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Small organic molecules confined between metal electrodes are in the focus of interest for over three decades now since they offer the prospects of becoming active components in ultra-high density nanoelectronic devices. From a technological point of view, significant progress could be achieved in the last decade in, e.g., the synthesis of appropriate molecules or the ability to produce device structures with nanoscaled dimen¬sions. In contrast, making reliable electrical contacts to molecules (i.e. connecting them to the outside world) has been and still continues to be a challenging problem for both, fundamental as well as preparational reasons. To study this problem, chemists and physicists (experimentalists as well as theoreticians) are trying in a joined effort to unravel the fundamental role of interfaces between small organic molecules and their connection to the outside world. In more detail, molecules are first adsorbed at a metal surface and then metallized in a second step by means of a recently developed electrochemical approach.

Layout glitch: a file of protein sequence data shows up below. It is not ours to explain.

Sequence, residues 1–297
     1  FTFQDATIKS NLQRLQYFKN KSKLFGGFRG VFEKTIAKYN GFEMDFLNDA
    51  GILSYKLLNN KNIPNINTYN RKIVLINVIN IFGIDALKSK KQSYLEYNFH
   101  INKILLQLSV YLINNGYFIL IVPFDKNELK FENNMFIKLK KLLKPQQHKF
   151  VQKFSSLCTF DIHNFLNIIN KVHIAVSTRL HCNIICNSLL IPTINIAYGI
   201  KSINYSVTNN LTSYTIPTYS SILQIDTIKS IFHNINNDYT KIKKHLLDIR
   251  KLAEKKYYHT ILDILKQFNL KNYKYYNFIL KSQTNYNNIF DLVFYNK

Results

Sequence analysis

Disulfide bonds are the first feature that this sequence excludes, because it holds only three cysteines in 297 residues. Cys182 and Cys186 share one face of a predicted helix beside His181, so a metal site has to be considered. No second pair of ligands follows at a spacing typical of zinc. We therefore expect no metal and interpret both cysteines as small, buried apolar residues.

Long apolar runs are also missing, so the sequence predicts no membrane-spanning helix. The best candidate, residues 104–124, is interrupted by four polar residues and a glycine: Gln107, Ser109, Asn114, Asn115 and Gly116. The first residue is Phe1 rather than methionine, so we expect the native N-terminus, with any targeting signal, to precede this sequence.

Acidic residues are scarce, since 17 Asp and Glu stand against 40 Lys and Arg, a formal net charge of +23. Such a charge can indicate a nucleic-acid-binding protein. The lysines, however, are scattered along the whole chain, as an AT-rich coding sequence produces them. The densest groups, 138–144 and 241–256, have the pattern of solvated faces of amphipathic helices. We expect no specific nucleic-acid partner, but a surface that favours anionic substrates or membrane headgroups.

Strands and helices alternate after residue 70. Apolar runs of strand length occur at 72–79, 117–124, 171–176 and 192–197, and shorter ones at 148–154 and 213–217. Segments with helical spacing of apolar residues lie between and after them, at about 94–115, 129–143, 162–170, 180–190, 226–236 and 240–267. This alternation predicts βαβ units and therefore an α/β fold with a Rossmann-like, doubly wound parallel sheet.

To increase the functionality of molecule-based nano-electronic devices in the future, a significant increase in complexity of the device architecture might be required. As a vision, combina¬tions of different molecular layers which can electrically be con¬tacted by individual metal electrodes could serve as a new platform for this ambitious aim. New concepts are developed to extend the usual sandwich design of conventional metal-molecule-metal junctions (one organic layer involved) to a molecular double-decker and, finally, to a molecular multilayer with significantly increased functionality and packing density thus aiming to expand Molecular Electronics to the third dimension.